the better truth

the better truth

Wednesday, October 02, 2013

Prisoners (2013)

Minimum Security Confinement

 “Prisoners” is a crime drama that has a running time of 153 minutes. That is three minutes longer than Spielberg’s “Lincoln”. The trailer showed a taught drama surrounding the abduction of two young girls during a Thanksgiving dinner.  My gut told me the story might have been spun in less time than covering the Civil War.... Then again Kurosawa’s crime film “High and Low” took over two hours. Maybe Denis Villeneuve, the director, has the chops to put meat on this bone... Unfortunately he doesn’t.  One of the key elements of suspense movies is.... suspense. Sounds obvious but not to Mr. Villeneuve.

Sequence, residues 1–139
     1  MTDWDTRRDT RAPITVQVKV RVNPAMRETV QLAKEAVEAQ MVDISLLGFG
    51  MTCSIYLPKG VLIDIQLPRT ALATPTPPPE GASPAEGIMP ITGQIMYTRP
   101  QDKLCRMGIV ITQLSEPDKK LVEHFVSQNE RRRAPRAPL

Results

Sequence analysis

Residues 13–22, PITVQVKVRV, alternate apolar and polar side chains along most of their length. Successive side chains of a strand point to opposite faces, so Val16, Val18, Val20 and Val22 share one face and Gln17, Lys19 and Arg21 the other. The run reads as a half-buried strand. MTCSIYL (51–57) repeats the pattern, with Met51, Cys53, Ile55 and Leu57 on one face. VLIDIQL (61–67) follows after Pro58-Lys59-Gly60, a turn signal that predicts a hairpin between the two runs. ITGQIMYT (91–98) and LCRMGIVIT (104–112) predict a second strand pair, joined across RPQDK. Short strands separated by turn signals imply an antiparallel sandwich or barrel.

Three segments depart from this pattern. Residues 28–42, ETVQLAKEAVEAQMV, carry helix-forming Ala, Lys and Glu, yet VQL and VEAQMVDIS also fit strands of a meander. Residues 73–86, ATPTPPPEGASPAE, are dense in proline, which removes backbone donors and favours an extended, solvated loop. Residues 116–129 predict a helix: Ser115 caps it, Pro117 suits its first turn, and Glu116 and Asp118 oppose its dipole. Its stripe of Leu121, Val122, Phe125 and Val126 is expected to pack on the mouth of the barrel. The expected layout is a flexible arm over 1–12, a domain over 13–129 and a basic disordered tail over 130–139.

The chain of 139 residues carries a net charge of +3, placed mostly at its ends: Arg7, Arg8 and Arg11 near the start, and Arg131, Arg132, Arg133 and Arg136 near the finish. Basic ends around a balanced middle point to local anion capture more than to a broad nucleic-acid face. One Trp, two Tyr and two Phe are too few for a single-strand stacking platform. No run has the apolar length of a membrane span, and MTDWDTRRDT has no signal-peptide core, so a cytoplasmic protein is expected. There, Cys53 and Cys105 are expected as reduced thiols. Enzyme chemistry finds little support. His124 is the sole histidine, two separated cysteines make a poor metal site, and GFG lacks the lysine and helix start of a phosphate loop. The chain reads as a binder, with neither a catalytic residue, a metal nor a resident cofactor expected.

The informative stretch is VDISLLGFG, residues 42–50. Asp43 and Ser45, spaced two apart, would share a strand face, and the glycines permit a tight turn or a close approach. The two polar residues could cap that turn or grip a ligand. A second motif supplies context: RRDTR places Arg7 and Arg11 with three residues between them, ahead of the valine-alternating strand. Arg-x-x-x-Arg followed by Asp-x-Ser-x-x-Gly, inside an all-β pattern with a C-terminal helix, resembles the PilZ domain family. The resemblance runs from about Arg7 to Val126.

According to IMBD Mr. Villeneuve, “Abandoned an interest in entomology to pursue his love of filmmaking”.  This was revealing. This insect connection explained a great deal regarding Villeneuve’s oeuvre.  Years ago I spent an afternoon in a meadow with an entomologist who explained the Monarch butterflies love of milkweed. From a dramatic POV the scientist had me for the first 15 minutes... but, being a philistine, the second hour was, despite good weather, excruciating.   Villeneuve really surprised... but not in the way he intended.  Imagine making a dramatic feature about the most terrifying experience anyone could imagine, the kidnapping of your child, and the result being... boring. What is even more startling is that the film touches on an interesting premise. What befalls people who are gripped by loss and terror? They abandon their humanity and become as hideous as their tormentor. This theme has been explored on many occasions probably most successfully in Polanski’s “Death and the Maiden”. Villeneuve  and Aaron Guzikowski,  the writer, drop the ball. The film endlessly meanders between crime drama, character study and sociological profile.